- Add the cold lard and butter (or just butter) and pulse 5-6 times until the lard/butter is in small pieces but still visible (or do this by hand, working the lard/butter between your fingers).
- Add the cold water and pulse and additional 4-6 times until the dough just comes together.
- Turn out the dough onto the work surface and gently knead the dough until it just comes together and all the dry bits are worked in.
- Pat into a flat disc, wrap in plastic and refrigerate at least ½ hour.
- Preheat oven to 375°F.
- For the topping: In a mixing bowl, combine flour, baking powder, both sugars and lemon zest.
- Add the melted butter and mix until small and large clumps form. Refrigerate until needed.
- Roll the dough: If the pie dough is too cold and hard, let sit on counter for 5-10 minutes to take off the chill.
- Lightly flour work surface, place dough on the surface and lightly flour the dough top.
- Roll firmly from the center out, remembering to keep the dough moving so it doesn’t stick to the surface. Dust with a little more flour as needed.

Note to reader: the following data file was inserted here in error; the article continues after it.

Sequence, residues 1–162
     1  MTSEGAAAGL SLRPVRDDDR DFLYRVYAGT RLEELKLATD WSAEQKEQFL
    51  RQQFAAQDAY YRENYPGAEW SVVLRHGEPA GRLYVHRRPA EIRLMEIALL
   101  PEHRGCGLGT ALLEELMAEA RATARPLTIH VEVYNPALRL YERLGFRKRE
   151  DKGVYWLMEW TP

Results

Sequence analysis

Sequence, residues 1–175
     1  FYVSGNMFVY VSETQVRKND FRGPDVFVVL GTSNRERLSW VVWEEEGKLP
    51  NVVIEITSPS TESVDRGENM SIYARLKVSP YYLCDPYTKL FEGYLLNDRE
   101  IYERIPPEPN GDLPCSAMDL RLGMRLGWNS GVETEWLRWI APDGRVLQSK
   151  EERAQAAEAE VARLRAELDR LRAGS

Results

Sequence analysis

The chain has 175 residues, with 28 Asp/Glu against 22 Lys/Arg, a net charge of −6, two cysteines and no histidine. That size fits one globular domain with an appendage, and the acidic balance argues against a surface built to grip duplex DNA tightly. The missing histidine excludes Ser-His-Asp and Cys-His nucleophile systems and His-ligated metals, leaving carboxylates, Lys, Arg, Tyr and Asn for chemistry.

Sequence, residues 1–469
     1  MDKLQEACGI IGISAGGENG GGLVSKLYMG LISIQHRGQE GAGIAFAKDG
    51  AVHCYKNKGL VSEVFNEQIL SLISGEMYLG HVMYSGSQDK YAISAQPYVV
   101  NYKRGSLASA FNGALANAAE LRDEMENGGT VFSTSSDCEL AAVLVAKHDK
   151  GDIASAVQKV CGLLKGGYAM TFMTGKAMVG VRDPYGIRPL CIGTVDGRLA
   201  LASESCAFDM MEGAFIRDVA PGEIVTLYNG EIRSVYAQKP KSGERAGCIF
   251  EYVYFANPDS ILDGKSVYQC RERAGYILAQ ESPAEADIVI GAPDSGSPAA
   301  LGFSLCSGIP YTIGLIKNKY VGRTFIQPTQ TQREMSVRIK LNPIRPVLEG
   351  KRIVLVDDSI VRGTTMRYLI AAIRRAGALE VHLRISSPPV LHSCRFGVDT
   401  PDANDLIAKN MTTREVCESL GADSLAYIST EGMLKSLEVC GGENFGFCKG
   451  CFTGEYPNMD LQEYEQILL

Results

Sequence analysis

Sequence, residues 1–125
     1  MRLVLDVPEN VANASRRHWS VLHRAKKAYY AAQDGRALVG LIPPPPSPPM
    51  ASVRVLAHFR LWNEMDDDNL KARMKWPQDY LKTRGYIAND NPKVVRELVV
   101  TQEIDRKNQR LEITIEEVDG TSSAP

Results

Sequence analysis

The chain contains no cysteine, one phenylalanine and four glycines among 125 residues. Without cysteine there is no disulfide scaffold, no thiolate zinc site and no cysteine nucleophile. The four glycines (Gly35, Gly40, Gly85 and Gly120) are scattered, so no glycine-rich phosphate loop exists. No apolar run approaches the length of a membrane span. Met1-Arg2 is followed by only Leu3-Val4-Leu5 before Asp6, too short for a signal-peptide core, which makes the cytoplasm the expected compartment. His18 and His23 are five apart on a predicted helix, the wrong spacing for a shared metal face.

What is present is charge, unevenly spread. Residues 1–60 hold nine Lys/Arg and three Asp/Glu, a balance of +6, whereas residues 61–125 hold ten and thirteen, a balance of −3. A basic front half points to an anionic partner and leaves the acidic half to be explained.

- Roll dough about 2” larger than your pie pan – the single crust recipe is perfect for a 9” pan. Dough should be about 1/8” thick.
- If dough becomes too soft while rolling and you’re having trouble, chill it for approximately 15 minutes.
- Transfer to pie plate: Roll the dough over the rolling pin and unroll evenly into the pan. The key is to go slowly and not stretch the dough. If you have a tear, just patch it gently with some extra dough.
- Lift the edges slightly and ease it down into the lower creases of the pan – being careful not to stretch the dough. Press lightly to adhere to the pan side.
- Use scissors to trim the dough overhang to ½”- ¾” from the pan edge and tuck the extra under.
- Crimp the edges: Use your thumb of one hand and the thumb and index finger of your other hand to create evenly spaced fluted edges.
- Place your left thumb/index finger, spaced about ¾” apart, against the inner lip of the dough.
- Take your right thump and push into the space between the left thumb/index fingers, creating a “v” shape in the dough. Continue around the entire crust.
- Place the pan on a Silpat or parchment lined sheet pan and place in the refrigerator until needed.
- For the filling: Stem and halve the strawberries, or quarter if large. Cut the rhubarb into ¾” pieces (not if making small pies, cut the fruit a bit smaller so you can really pack it into the small tins.)
- Toss strawberries, rhubarb, lemon juice, sugar, salt, vanilla and cornstarch until well combined.
- Tumble the fruit mixture into the pie shell.
- Remove topping from refrigerator and crumble evenly over the filling.
- Bake until crumble topping is golden brown and fruit is bubbling beneath, about 45-50 minutes.
- Cool completely on a wire rack – at least 1 hour. Serve with vanilla ice cream, sour cream or whipped cream.